Speaking in a packed debate on the plain packaging of tobacco products in Parliament, Nick Smith, MP for Blaenau Gwent, slammed the government for its craven climbdown on plans to introduce plain packaging of cigarettes, despite public support and that of health professionals and voluntary organisations.
He outlined how the tobacco industry woos young people and insisted we must show how plain packaging will save lives and money, and is clearly the right thing to do.
Nick Smith MP has made the case below for plain packaging:
“The cost of treating smoking related illness is estimated at around £400m in Wales alone.
The Welsh Health Survey in 2012 showed that 23% of the population smoke. Sadly that is 28% in my own Blaenau Gwent constituency.
Yet in July we witnessed the government’s craven climb down on plain packaging, which has the support of 190 distinguished medical bodies and voluntary organisations.
We know the smoking ban has our pubs and cafes healthier and more pleasant places to relax. But young people are still being recruited to the habit.
Ash Wales reports that every day in Wales an estimated 40 teenagers try smoking cigarettes - introducing them to a truly deadly product.
Cigarette packs now come in a wide range of shapes, sizes and designs – they are fashionable, colourful and attractive to young smokers – with I’m told, slim line feminine packets perfect for the small handbag. The industry knows the power of advertising – that’s why it opposes restrictions.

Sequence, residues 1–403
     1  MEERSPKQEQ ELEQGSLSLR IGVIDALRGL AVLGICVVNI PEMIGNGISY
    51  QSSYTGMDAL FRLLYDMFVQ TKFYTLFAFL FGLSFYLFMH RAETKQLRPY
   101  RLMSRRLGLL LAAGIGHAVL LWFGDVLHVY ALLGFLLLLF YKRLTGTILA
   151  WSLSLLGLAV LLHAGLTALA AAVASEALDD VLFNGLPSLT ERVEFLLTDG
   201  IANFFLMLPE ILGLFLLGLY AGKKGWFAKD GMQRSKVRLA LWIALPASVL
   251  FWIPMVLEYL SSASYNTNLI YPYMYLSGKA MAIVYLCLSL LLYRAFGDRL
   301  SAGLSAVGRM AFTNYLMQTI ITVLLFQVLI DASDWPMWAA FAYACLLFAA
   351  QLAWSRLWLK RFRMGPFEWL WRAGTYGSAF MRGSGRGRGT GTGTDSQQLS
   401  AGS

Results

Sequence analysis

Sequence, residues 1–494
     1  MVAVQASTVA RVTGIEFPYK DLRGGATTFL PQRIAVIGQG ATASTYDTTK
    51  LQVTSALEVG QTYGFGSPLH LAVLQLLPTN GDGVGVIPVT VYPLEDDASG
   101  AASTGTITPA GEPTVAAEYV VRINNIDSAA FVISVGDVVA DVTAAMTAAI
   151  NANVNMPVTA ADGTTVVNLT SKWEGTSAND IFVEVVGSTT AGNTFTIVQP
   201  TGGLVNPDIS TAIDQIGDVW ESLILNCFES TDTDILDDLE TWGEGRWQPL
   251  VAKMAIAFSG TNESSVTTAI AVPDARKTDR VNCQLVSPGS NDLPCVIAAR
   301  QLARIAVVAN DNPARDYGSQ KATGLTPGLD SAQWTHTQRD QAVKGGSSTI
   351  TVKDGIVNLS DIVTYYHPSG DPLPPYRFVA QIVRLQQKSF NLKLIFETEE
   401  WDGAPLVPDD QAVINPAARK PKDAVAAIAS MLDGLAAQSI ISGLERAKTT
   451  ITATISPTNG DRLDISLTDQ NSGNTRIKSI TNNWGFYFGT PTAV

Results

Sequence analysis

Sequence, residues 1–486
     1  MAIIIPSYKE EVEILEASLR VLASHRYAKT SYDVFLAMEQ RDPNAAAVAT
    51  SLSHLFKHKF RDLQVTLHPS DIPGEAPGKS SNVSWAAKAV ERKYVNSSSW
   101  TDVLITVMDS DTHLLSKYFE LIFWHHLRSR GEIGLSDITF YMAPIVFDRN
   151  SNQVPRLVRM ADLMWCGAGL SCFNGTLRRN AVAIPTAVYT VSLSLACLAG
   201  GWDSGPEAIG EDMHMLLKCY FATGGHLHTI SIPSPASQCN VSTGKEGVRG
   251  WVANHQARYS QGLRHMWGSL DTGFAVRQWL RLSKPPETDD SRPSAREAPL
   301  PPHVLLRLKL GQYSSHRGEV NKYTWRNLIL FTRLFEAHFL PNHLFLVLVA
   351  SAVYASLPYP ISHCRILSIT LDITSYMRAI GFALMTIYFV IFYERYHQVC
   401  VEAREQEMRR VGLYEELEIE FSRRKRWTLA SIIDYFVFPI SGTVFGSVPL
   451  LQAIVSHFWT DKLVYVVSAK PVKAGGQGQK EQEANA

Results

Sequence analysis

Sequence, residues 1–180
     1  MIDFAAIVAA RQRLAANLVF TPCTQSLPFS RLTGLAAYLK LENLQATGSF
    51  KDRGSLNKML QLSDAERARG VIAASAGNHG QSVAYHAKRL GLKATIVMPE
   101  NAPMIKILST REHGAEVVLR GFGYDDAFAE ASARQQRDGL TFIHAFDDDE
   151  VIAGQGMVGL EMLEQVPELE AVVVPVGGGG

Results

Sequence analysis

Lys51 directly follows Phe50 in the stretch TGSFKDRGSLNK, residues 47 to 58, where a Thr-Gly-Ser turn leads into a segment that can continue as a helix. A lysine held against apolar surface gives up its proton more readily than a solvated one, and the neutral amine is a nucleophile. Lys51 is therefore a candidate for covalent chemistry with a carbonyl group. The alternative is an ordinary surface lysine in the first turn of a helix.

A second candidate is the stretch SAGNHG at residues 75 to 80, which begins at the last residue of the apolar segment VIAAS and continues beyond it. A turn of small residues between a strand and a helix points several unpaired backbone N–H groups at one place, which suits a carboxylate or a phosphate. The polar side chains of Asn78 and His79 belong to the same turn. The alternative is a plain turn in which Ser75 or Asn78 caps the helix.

In the summer of 2012, Ash Wales did a campaign road show around Wales to talk to school children about the impact of tobacco marketing on them. When showed the marketing currently on the shelves they described cigarettes as looking like perfume boxes, posh tissues and even lego.
A child commented when shown the Australian plain packs that
“The warning is only on the back of the coloured ones and you don’t have to read it.” Kirstie, aged 11, Pontllanfraith Comprehensive School, Blackwood
Such comments underline why plain packing is supported by the Chief Medical Officer for Wales and the Children’s Commissioner for Wales. It has majority public support (63%) and is widely supported by parents in my constituency.
I’m pleased that the Welsh Health Minister is looking at our devolved powers to see what unilateral action we might be able to take on plain packaging.
But I don’t doubt that concerted action throughout the UK is the best option.
We must defeat the mantra that those who want to up the pace of reform are advocates of the nanny state and greater regulation.
We must show how plain packaging will save lives and money, and is clearly the right thing to do.”
Note: An edited version of the arguments above was delivered in Parliament due to the large number of MPs who wished to contribute to the debate